8/1/2014 12:41:00 PM Superior Silica Sands tells city officials to 'suspend' dealings
by DENISE MARTIN
The on, then off-and then on again Superior Silica Sands transloading project is off again. North Branch city council at Monday’s city council meeting announced that the company is pulling away from the negotiating table.
City Administrator Bridgitte Konrad reports the city received notice around mid-week last week from Superior Silica Sands officials that the permit process for a potential SSS facility in North Branch looks to be delayed until February 2015.
Konrad said SSS wants to “suspend” talks with the city on purchasing a sand loading facility site as well as the platting of the lot. Whenever North Branch hears back from SSS, then a new timeframe will be established for the project, Konrad explained. The earlier timeline distributed, calling for this facility to operational in late fall is “off the table.”
The issue, council said, is state Pollution Control Agency regulation of certain aspects of the project. The company claims to have been advised one thing when this 27 acre site development began and now says regulators are advising the company differently. Mayor Ron Lindquist said SSS was told by one state official the facility is only for transfer of product and it doesn’t need permits and then the company heard the use of the site does constitute “processing” and needs permits.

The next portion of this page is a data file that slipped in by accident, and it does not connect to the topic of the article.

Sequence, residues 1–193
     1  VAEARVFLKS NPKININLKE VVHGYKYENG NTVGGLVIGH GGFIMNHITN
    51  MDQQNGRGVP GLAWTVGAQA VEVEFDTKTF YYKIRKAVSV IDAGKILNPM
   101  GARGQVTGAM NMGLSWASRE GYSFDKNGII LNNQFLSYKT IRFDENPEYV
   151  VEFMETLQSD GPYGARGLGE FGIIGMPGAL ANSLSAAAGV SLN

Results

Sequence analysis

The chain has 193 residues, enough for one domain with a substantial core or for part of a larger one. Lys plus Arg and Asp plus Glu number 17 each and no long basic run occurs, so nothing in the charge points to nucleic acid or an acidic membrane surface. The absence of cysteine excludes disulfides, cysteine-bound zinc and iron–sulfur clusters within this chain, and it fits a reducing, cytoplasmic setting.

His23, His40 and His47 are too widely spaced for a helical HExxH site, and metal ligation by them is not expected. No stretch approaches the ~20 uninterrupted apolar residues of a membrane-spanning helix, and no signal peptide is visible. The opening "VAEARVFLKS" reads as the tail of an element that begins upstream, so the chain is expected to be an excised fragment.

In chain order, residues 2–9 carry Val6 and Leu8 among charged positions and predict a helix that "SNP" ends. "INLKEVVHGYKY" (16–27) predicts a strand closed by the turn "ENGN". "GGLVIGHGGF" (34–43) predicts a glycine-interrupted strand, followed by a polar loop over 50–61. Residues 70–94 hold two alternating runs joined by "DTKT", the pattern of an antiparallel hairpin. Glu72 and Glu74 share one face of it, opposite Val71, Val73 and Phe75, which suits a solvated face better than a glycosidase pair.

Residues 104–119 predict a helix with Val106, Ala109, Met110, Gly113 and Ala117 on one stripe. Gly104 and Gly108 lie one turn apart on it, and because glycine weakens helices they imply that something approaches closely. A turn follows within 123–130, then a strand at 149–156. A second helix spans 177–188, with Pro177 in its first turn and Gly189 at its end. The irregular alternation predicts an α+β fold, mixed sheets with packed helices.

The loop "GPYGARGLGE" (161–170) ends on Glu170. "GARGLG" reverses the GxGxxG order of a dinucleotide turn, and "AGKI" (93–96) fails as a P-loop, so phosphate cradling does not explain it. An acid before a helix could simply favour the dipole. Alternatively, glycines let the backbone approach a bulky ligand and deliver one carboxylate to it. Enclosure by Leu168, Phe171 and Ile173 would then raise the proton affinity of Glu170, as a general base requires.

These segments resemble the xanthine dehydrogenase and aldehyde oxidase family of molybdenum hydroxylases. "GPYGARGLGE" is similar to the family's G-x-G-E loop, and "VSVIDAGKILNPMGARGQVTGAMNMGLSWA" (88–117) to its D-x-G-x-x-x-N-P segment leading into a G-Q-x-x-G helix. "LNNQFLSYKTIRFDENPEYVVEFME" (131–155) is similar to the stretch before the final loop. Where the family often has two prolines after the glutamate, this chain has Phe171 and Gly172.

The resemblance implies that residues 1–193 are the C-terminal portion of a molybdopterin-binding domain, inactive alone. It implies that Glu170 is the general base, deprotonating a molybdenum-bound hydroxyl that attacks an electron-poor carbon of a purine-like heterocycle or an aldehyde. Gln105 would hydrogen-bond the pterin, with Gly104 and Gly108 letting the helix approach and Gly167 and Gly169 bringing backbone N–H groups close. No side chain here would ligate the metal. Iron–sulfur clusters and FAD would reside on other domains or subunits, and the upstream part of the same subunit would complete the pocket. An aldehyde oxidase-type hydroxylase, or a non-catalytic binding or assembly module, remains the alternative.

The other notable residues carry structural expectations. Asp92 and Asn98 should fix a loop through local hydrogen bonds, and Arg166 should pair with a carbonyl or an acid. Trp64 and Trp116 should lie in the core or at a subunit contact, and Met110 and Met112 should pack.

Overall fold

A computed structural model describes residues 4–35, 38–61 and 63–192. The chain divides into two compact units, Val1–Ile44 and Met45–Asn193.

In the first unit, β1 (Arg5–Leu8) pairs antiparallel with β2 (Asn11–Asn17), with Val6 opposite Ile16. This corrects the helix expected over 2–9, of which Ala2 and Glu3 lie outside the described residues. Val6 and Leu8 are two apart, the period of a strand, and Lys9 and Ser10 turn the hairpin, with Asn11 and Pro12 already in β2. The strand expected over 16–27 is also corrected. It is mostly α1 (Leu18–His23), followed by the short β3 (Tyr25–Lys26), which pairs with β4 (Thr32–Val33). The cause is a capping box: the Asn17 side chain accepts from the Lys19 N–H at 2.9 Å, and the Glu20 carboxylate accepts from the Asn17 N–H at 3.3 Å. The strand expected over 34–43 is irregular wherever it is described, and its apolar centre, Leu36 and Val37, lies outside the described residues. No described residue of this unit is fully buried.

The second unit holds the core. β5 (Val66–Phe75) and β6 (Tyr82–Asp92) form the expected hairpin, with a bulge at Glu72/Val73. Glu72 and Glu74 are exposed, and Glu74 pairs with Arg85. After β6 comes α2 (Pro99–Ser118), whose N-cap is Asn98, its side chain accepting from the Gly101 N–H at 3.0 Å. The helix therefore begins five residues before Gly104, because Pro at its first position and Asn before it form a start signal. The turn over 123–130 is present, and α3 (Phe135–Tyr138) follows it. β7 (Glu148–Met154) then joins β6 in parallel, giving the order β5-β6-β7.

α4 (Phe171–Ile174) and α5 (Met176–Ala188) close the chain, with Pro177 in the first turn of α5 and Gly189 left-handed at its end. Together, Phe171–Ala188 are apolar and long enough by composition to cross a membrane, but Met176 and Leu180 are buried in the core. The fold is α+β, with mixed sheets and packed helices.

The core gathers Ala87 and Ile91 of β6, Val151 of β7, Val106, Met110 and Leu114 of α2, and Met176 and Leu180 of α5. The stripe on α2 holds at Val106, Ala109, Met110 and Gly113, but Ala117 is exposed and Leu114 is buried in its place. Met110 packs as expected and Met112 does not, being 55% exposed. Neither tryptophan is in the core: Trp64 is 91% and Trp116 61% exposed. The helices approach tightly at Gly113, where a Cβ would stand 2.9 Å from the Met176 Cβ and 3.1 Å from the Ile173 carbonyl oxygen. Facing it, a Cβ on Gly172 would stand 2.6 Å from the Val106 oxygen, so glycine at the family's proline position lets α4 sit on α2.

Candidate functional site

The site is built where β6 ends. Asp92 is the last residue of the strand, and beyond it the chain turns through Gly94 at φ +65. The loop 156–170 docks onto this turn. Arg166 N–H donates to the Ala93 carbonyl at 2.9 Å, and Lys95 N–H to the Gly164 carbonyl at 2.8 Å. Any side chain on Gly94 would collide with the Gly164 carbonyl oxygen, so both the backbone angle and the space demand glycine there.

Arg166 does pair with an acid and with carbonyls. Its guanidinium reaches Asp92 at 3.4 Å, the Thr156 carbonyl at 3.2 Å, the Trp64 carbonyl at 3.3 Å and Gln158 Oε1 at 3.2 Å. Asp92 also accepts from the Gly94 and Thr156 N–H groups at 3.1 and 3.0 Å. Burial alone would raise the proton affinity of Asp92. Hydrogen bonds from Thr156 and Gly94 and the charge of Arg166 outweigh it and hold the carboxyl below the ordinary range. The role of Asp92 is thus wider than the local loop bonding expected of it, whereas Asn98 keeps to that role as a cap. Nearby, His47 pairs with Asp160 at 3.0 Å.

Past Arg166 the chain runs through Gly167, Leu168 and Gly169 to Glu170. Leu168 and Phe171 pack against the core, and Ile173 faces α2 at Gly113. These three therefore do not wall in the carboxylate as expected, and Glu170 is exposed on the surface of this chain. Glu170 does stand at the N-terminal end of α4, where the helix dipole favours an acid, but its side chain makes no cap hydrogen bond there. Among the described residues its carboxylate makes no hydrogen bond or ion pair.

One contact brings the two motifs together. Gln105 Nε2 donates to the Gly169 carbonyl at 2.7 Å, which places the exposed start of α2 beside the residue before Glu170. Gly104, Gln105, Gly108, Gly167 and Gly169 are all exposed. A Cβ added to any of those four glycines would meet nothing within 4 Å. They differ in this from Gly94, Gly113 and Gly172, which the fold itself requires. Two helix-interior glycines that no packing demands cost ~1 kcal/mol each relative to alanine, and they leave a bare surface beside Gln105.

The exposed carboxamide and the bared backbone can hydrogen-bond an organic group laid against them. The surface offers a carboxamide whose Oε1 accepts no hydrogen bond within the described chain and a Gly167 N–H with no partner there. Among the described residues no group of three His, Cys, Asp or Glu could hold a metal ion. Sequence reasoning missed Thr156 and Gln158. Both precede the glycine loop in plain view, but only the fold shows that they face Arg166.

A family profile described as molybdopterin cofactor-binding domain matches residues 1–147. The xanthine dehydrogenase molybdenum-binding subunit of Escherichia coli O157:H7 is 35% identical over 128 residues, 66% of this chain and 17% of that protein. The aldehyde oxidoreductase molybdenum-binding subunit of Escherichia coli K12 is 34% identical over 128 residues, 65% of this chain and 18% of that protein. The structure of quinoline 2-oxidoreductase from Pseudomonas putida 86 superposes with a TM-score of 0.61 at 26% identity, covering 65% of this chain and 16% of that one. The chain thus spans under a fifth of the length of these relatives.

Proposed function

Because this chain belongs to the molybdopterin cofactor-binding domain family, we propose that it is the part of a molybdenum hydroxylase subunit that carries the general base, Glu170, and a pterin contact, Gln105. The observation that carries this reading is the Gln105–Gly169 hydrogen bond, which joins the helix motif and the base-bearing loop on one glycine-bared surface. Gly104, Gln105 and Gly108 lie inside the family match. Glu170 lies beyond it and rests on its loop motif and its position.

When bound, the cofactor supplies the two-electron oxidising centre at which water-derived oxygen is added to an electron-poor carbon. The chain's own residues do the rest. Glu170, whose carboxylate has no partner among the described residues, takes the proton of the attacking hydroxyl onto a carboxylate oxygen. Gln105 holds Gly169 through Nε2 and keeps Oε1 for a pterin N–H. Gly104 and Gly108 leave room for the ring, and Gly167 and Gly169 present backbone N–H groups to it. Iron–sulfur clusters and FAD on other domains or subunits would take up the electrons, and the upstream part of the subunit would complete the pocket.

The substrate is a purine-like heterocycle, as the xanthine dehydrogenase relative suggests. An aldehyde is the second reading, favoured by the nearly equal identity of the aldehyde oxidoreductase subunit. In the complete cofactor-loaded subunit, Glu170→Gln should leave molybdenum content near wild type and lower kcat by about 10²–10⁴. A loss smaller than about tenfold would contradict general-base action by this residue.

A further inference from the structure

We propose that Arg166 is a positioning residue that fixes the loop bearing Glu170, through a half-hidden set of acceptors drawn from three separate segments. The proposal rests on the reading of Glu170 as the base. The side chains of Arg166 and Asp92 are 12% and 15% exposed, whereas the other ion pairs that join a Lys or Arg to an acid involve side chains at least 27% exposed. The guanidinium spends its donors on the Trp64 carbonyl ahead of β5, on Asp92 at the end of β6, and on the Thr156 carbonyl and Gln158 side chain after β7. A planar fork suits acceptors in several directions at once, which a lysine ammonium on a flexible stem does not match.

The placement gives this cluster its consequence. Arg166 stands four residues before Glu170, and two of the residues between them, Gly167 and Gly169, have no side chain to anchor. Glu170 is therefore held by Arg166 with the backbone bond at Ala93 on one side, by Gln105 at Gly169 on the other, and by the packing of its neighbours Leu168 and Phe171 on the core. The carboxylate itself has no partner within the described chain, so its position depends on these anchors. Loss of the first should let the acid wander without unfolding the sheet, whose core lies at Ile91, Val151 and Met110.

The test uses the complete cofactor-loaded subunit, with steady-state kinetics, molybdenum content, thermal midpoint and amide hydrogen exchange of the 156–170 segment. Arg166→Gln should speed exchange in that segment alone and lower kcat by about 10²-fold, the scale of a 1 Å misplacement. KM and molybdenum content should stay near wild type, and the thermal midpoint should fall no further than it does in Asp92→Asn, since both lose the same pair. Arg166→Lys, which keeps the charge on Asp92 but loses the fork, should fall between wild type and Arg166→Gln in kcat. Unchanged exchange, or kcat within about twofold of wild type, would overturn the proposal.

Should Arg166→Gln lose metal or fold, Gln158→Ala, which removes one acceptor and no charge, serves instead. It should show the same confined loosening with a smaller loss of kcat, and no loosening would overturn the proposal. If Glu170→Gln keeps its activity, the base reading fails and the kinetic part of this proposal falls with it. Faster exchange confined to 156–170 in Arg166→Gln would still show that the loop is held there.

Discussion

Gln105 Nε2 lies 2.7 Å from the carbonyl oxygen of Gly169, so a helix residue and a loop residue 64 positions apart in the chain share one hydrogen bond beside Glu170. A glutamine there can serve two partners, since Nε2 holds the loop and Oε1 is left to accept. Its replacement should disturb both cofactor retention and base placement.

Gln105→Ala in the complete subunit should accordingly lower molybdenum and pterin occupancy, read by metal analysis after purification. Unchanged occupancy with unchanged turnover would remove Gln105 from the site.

“That’s what they told us they were being told,” the mayor remarked.
Konrad said as meetings with state regulators are being scheduled somebody from the city will also attend in order to stay in-the-loop.
Council member Trent Jensen asked North Branch financial director Richard Hill what impact a delay in selling the city-owned site could present budgetwise.
North Branch has been anticipating good-sized debt payments starting to come on-line next year, to cover loans encumbered when the city bought and developed the ESSBY business and industrial park, where SSS wants to buy.
Hill responded that it depends on timing of the closing, as to where North Branch would apply the revenue. At least $230,000 was earlier calculated from this development as a 2015 “benefit” to the city based on SSS buying. Hill said, the city’s debt service increments are throughout the year with both infrastructure assessments and interest payments due for improving ESSBY. At the very least a sale to SSS can go into balloon payments due in a few years.
Council member Joyce Borchardt commented that she hopes the county-city traffic roue study continues whether there’s an imminent project or not.
Long term planning requires better understanding of how haulers or suppliers of any major ESSBY enterprise will enter and exit the city, she said.
The traffic study is continuing, staff advised.
When SSS first publicly declared its intentions this spring to haul sand product from aggregate mining sites in West Wisconsin to North Branch so sand can be loaded onto railcars for shipping to the Dakotas for hydraulic fracturing needs; the idea was that trucks would travel through Taylors Falls.
Residents lobbied against estimated hundreds of truck trips through the small, congested river town. Superior notified North Branch on May 30, by letter, that it would find another way to transport its fine sand granules to the Dakotas, and it was “truly sorry that this business partnership didn’t work out.” Shortly after this declaration, however, relations were rekindled as North Branch officials met privately with SSS company officials and then announced that talks had resumed and the traffic study would commence.